These sample master lists are meant to serve as a model for communities following the Alliance’s “Five Steps to End Veteran Homelessness.” Creating and maintaining a master list of homeless veterans in your community is meant to ensure that service providers and partners that are working together to end veteran homelessness are on the same page and have a clear set of people who require housing.
What is a Master List?
A Master List is a list of homeless veterans in your community. This list is populated through information from outreach, HMIS, shelters, VA-funded programs including GPD providers, and any other providers in your community who may work with veterans experiencing homelessness. The list must be updated regularly – in most cases, daily – in order to ensure it has the most up-to-date information on veterans in your community. The Master List is not a waiting list – veterans on this list may already be accessing programs, waiting for a housing unit, or may self-resolve their homelessness – it is a list meant to give the key partners involved in ending veteran homelessness in your community a solid understanding of the people (not just the numbers) that need to be re-housed at any given time. It is a very important tool in your efforts to end veteran homelessness. You will use this list at your regular veteran-focused coordination/case conferencing meetings to determine where veterans are in your homeless assistance system, who needs to be prioritized, and what needs to be done and what barriers needs to be removed to get them into housing, and who is responsible for each person.
How do we start the list?
You could begin your list by working with your HMIS administrator to pull a list of veterans in your homeless assistance system. Depending on how you enter veterans into your system, you may find that the list is far too large or too small as compared to your most recent Point-in-Time Count (the PIT Count is a good measure of the approximate number of entries that should be on your Master List). If you want to start without HMIS or add to your HMIS-generated list, you should be working with every shelter, homeless outreach team, and the local VA Medical Center to continuously add veterans to the list. If your community has a coordinated entry system, every veteran that enters through it should be immediately added to the list. The list will not be perfect and may take days or even weeks to clean up; however, these steps will help you get started and you can work at updating and cleaning up the list as you go.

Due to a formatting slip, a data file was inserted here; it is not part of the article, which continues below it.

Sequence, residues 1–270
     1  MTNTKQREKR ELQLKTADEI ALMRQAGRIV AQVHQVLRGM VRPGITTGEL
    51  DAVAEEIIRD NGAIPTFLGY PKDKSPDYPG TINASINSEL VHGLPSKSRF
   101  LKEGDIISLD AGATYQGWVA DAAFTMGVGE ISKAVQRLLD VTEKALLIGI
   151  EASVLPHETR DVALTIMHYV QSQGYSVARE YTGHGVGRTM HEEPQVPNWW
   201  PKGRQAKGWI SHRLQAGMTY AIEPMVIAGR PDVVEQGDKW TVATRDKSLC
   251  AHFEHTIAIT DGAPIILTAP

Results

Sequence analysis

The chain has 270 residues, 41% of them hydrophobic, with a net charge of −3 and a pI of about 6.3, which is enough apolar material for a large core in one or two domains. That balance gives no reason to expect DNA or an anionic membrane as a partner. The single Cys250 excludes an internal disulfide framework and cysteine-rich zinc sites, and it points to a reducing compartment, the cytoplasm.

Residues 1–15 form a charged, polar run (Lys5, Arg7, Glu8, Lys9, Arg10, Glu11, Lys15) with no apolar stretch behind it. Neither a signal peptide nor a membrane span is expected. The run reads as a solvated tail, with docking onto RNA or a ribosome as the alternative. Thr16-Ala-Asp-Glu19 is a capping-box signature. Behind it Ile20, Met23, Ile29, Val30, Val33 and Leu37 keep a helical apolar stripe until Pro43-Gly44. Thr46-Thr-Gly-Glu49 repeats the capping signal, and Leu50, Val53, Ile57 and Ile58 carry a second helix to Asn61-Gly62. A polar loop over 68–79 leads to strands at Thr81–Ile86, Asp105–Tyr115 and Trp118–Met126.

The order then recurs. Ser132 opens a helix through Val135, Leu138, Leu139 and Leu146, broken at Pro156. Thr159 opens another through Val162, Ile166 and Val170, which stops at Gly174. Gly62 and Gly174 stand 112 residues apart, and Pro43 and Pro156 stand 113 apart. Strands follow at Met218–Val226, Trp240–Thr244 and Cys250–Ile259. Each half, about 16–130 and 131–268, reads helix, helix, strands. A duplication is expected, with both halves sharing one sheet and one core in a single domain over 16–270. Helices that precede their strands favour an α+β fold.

Do you have to use the veterans’ names on the list?
Not necessarily. Due to confidentiality issues, you may choose to use identifiers (i.e. Veteran 108) that can be easily identified by those accessing the list. As long as those utilizing the list can easily identify the veteran in question, you may choose to use the actual name, a nickname, a number, or other identifier – this will be entirely up to the key partners involved.
How do we order the list?
Many communities choose to order the list by vulnerability and/or length of time in homelessness. If your community uses an assessment tool, this will aid you in ordering the list appropriately. Depending on the number of veterans in your community (for example, fewer than 50), a specific order may not be needed.
Who is in charge of the Master List?
One staff person, entity or workgroup should be responsible for making sure the list is regularly updated and shared with all partners. All partners in your community that interact with homeless veterans (the Continuum of Care, the VA Medical Center, outreach workers, faith-based providers, and others) must be contributing to the creation and updating of the list. In many communities, the lead Continuum of Care agency or SSVF provider is the “holder” of the list and is responsible for adding information provided by other partners and bringing the list to the weekly veteran-focused meetings.
Should veterans in Grant and Per Diem be included on the list?
Yes. Veterans in GPD are in a transitional housing unit, meaning they will still need to be placed into permanent housing, either through HUD-VASH, SSVF, a CoC-funded permanent housing program, or on their own, at some point. As they are considered by HUD and VA to be homeless, they should be placed on your Master List.
When do you take a veteran off the list?
A veteran is removed from the list when they are no longer homeless (in permanent housing) or are no longer in contact with your system. A placement in permanent housing does not mean they are no longer working with your system, for example, they may still be utilizing case management through SSVF; however, they have been placed into permanent housing and would no longer be considered homeless by HUD or VA. If a veteran has lost touch with your system after a short shelter stay or other interaction with your homeless assistance system, you may remove them from your list after multiple attempts at contacting them. In these cases, some communities use a “three attempts” rule, removing the veteran after three distinct attempts to contact him or her over a defined period of time.
What other types of information can be included on the master list?
The amount and type of information you include will really be up to your community; however, most communities choose to add contact information for the veteran, case manager/outreach worker, length of homelessness, and/or a VISPDAT or other assessment score.